In the fifty years between the Civil War and World War I, the United States experienced a dramatic transformation. In 1870, three-quarters of the population lived in rural areas; by 1920, over half the nation lived in cities. This rapid urbanization was fueled by European immigration and the migration of rural, native-born residents who flocked to cities to work in factories. As a result, cities across the country exploded in size. Chicago’s population, for example, ballooned from just under 300,000 in 1870 to over 2.7 million in 1920. This demographic explosion brought with it a remarkable religious diversity. Catholics, Protestants, and Jews lived together in close proximity few had experienced before. Moreover, the rapid arrival of newcomers from across the globe brought new kinds of diversity to religious communities themselves. Irish Catholics, for example, not only had to learn how to coexist with European Jews and white and black Protestants from the American South and Midwest, but also with other Catholics from Italy, Poland, Hungary, and elsewhere.
Chicago’s religious diversity posed a number of challenges. Migrants and newcomers had to consider how, if at all, their religious traditions, customs, and institutions would follow them to the city. Religious leaders and ordinary people alike worried that certain practices or communities could not survive the city’s industrial rhythms and myriad distractions. How, for example, would Sabbath observance persist in cities where business and recreation occurred seven days a week? How would churches, synagogues, and parishes thrive in new urban spaces like the vice district, immigrant ghetto, or industrial slum? How, in short, would religious communities change their inherited traditions in the midst of new surroundings?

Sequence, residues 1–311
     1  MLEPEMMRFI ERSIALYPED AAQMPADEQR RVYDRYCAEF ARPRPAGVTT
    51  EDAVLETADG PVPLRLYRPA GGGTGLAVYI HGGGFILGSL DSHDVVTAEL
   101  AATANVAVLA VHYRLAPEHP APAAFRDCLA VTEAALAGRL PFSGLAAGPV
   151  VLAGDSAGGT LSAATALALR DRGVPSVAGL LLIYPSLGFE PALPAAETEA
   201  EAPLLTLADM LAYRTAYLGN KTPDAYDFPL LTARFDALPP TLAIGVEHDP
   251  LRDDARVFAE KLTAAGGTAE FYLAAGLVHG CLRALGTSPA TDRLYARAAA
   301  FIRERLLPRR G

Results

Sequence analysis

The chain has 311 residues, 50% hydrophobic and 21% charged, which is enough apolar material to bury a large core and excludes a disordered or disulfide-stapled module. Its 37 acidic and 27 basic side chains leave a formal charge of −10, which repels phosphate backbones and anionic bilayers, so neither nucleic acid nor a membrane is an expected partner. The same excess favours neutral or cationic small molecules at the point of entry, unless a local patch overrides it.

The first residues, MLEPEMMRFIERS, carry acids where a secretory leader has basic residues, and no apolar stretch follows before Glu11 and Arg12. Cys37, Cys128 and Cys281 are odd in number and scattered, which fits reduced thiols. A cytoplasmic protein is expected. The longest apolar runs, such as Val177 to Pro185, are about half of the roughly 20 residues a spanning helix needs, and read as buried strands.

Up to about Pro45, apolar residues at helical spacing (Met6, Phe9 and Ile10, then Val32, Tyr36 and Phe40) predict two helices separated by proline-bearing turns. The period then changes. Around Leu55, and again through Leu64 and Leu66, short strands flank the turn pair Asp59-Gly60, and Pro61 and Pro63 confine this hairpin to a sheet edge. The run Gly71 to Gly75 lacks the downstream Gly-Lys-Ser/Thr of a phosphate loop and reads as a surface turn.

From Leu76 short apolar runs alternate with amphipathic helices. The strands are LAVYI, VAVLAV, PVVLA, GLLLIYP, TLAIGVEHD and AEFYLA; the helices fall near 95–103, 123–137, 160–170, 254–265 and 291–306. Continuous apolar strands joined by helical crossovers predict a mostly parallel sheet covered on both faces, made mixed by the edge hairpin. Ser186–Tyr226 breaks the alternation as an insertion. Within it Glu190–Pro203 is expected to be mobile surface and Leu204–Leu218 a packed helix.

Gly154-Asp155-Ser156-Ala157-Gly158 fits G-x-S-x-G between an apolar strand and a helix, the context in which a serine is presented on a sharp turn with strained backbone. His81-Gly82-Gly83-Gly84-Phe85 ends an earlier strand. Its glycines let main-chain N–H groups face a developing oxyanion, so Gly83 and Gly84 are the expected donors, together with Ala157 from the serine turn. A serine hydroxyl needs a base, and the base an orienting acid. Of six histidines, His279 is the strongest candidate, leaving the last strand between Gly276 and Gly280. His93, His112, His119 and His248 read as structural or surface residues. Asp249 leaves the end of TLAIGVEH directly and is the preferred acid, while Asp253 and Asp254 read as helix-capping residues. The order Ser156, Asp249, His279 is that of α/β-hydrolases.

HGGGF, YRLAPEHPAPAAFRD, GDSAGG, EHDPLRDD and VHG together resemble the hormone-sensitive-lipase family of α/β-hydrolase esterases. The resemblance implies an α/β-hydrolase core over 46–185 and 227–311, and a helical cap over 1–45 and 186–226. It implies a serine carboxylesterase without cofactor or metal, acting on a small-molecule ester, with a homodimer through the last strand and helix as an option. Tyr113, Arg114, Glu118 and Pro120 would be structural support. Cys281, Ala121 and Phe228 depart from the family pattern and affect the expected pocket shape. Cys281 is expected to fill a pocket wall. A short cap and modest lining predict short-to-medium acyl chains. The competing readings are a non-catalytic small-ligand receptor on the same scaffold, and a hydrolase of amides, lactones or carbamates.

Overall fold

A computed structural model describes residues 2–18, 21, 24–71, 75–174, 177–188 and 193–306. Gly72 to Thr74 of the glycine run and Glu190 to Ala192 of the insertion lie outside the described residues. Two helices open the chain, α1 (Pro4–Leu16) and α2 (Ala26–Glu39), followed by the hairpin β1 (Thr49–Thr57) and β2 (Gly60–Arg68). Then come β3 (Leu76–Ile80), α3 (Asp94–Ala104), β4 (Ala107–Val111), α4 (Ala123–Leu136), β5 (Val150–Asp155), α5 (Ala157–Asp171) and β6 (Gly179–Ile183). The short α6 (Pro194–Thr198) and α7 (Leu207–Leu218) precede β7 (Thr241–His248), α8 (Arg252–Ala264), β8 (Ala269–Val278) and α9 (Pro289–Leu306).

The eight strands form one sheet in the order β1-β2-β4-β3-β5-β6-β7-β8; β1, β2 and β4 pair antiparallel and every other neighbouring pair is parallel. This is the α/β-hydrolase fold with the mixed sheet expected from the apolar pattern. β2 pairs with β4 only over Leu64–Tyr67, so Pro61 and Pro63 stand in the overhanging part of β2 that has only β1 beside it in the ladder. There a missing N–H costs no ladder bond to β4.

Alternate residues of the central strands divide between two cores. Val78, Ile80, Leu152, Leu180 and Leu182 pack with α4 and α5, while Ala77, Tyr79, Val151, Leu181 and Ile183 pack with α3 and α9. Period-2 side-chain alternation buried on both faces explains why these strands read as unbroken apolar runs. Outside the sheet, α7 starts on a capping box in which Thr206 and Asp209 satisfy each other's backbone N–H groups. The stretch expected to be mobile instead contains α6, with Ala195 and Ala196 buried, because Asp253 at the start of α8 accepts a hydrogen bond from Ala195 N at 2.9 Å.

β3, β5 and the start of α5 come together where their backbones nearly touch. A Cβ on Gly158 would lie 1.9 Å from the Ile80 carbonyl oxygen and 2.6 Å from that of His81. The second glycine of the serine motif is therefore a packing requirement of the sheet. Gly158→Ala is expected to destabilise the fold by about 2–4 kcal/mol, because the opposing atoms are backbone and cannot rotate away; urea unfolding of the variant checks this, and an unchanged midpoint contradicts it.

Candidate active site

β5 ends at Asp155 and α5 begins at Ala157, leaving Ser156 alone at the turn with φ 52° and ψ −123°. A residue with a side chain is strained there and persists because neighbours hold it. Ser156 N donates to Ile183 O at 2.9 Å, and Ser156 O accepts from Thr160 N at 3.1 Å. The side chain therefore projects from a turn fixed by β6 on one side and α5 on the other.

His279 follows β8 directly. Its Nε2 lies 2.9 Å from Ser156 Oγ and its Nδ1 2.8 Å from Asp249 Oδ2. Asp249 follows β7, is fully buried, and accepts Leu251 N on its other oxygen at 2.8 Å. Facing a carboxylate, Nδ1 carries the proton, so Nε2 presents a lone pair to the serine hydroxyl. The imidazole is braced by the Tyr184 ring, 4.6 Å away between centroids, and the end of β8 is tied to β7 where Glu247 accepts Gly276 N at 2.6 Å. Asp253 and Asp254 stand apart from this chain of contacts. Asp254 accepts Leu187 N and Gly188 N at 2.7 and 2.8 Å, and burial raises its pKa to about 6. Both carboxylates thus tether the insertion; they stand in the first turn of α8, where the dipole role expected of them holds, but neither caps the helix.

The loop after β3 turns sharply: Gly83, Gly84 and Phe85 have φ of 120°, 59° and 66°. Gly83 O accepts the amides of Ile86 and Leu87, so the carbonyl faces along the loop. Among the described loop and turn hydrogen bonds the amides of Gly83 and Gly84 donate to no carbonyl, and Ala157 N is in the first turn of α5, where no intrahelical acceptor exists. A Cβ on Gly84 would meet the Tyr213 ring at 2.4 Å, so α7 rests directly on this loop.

At the moment of the city’s ascendance in American life, many observers and religious leaders claimed that urban living would destroy religious life. Some early scholars of American religious history would largely agree that cities were secular spaces that contributed to religion’s decline. More recently, however, using sources like the documents collected here, scholars have argued that the city was a space of religious innovation, rather than decay. Many of Chicago’s religious communities creatively engaged the challenges presented by urban life. Some altered or adapted existing rituals; others reaffirmed traditional beliefs in new or more fervent ways; and some generated entirely new religious ideas and practices. All, however, found ample space within the city to fashion their religious lives.
Brick and Mortar: Catholicism in Chicago
Catholics have long had an imprint upon Chicago’s history. The area’s first non-Native American resident was an Afro-French fur trader named Jean Baptiste Point DuSable who settled on the Chicago River in the 1790s. Catholics have also been Chicago’s largest religious community throughout much of the city’s history. Immigrants from Ireland and Germany comprised the city’s first Catholic community, establishing twenty-two “territorial” parishes in the thirty years after the Archdiocese of Chicago’s creation in 1843. These territorial parishes were open to all Catholics within a defined geographic area and thrived during Chicago’s early years. The rapid arrival of immigrants from Italy, Poland, and other parts of Southern and Eastern Europe, however, radically transformed Chicago’s Catholic communities. Finding work and preserving ethnic heritage were the most pressing concerns for these largely unskilled newcomers. Many preferred to worship and associate with their ethnic brethren. The Archdiocese responded by reluctantly allowing the formation of “national” parishes where membership was based upon one’s country of origin and not current residential location.
These documents provide a glimpse into Chicago’s parish life at the turn of the century. Holy Family is the city’s second oldest Catholic Church, organized as a territorial parish in 1857 on Chicago’s near West Side.
St. Boniface parish, on the other hand, was from its founding in 1862 a church for German immigrants staffed by German priests.
The Daprato map, published by the Archdioceses to celebrate its hosting of the 1926 International Eucharistic Congress, continues to underscore the ethnic nature of Catholicism in Chicago.
Meanwhile, the address by Cardinal George Mundelein (1872–1939), Archbishop of Chicago from 1915 through 1939, reveals some of the tensions that existed between old immigrants who ran Chicago’s Archdiocese and the new immigrants who filled the churches. An American-born son of German immigrants, Mundelein argued that parishes should be places where immigrants adopt their new identities as American, not reaffirm their foreignness. Throughout his tenure as Archbishop of Chicago, Mundelein would lead a campaign to return to territorial parishes over national ones. His efforts had decidedly mixed results.